say the same thing in fewer words
1. A summary is a shorter version of a longer piece of writing. Summarizing means capturing all the most important parts of the original, and expressing them in a shorter space. The shorter space could be a lot shorter.
2. A summary is sometimes known as a précis, a synopsis, or a paraphrase.
3. In academic writing, summarizing exercises are often set to test your understanding of the original, and your ability to re-state its main purpose.
4. In business writing, you might need to summarize to provide easily-digestible information for customers or clients.
5. Summarizing is also a useful skill when gathering information or doing research.
6. The summary should be expressed – as far as possible – in your own words. It’s not enough to merely copy out parts of the original.
7. The question will usually set a maximum number of words. If not, aim for something like one tenth of the original. [A summary which was half the length of the original would not be a summary.]
8. Read the original, and try to understand its main subject or purpose. Then you might need to read it again to understand it in more detail.
9. Underline or make a marginal note of the main issues. Use a highlighter if this helps.
10. Look up any words or concepts you don’t know, so that you understand the author’s sentences and how they relate to each other.
12. Remember that the purpose [and definition] of a paragraph is that it deals with one issue or topic.
13. Draw up a list of the topics – or make a diagram. [A simple picture of boxes or a spider diagram can often be helpful.]
14. Write a one or two-sentence account of each section you identify. Focus your attention on the main point. Leave out any illustrative examples.
15. Write a sentence which states the central idea of the original text.
16. Use this as the starting point for writing a paragraph which combines all the points you have made.
17. The final summary should concisely and accurately capture the central meaning of the original.
18. Remember that it must be in your own words. By writing in this way, you help to re-create the meaning of the original in a way which makes sense for you.
Summarizing – Example
‘At a typical football match we are likely to see players committing deliberate fouls, often behind the referee’s back. They might try to take a throw-in or a free kick from an incorrect but more advantageous positions in defiance of the clearly stated rules of the game. They sometimes challenge the rulings of the referee or linesmen in an offensive way which often deserves exemplary punishment or even sending off. No wonder spectators fight amongst themselves, damage stadiums, or take the law into their own hands by invading the pitch in the hope of affecting the outcome of the match.’ [100 words]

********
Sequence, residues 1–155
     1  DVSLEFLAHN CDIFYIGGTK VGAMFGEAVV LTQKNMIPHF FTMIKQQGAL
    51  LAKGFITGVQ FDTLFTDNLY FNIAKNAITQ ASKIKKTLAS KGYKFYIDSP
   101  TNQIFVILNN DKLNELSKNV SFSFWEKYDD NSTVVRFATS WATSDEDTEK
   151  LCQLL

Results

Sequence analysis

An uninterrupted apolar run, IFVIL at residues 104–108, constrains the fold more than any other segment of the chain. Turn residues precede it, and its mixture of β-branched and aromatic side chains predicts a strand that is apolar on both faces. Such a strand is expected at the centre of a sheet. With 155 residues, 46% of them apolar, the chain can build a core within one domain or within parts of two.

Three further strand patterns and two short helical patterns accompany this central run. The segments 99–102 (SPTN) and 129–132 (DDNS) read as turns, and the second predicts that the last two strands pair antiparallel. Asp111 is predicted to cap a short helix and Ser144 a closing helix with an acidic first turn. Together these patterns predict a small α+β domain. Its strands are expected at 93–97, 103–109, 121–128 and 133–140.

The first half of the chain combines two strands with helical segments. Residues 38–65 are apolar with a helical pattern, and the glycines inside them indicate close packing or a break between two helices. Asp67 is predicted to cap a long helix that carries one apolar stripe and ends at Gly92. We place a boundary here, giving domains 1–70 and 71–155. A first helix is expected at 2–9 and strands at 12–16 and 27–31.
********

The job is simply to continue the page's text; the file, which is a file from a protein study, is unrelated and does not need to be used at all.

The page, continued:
Unsportsmanklike behaviour by footballers may cause hooliganism among spectators. [9 words]
Some extra tips
Even though notes are only for your own use, they will be more effective if they are recorded clearly and neatly. Good layout will help you to recall and assess material more readily. If in doubt use the following general guidelines.
1. Before you even start, make a note of your source(s). If this is a book, an article, or a journal, write the following information at the head of your notes: Author, title, publisher, publication date, and edition of book.
2. Use loose-leaf A4 paper. This is now the international standard for almost all educational printed matter. Don’t use small notepads. You will find it easier to keep track of your notes if they fit easily alongside your other study materials.
3. Write clearly and leave a space between each note. Don’t try to cram as much as possible onto one page. Keeping the items separate will make them easier to recall. The act of laying out information in this way will cause you to assess the importance of each detail.
4. Use a new page for each set of notes. This will help you to store and identify them later. Keep topics separate, and have them clearly titled and labelled to facilitate easy recall.
5. Write on one side of the page only. Number these pages. Leave the blank sides free for possible future additions, and for any details which may be needed later.
© Roy Johnson 2004